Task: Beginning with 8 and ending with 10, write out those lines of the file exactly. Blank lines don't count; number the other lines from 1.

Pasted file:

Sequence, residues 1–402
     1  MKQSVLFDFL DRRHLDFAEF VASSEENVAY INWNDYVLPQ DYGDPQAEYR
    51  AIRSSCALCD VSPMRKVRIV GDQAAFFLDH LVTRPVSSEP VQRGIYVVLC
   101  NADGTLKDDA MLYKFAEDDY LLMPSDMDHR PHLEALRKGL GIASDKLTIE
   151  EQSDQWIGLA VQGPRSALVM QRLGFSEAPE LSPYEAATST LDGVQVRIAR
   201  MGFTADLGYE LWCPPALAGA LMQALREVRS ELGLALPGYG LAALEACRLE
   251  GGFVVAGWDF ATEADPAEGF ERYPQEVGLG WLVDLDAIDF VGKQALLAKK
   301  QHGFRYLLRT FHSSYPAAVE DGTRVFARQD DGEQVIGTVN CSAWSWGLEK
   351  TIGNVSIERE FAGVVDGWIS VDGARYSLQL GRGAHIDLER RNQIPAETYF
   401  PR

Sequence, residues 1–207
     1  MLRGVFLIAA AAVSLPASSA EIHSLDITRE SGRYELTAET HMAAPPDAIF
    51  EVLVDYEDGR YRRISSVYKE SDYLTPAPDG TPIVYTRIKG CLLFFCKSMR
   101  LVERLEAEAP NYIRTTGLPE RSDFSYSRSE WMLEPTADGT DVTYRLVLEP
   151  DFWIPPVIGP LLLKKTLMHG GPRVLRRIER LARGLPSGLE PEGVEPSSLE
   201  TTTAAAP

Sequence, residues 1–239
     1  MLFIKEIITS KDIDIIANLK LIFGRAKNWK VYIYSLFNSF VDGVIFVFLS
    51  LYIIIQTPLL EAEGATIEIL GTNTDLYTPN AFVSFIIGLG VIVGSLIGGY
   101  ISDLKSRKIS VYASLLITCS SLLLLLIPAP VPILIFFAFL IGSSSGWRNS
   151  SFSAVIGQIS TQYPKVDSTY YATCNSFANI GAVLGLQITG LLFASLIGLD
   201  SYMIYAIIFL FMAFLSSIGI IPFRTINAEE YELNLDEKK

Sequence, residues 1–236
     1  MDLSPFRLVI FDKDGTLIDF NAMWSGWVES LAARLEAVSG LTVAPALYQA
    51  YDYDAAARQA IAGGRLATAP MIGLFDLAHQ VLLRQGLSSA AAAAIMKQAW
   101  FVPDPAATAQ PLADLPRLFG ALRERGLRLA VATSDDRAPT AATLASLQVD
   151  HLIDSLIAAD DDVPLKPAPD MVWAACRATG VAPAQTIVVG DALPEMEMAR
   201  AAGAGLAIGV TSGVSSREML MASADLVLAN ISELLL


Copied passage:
   301  QHGFRYLLRT FHSSYPAAVE DGTRVFARQD DGEQVIGTVN CSAWSWGLEK
   351  TIGNVSIERE FAGVVDGWIS VDGARYSLQL GRGAHIDLER RNQIPAETYF
   401  PR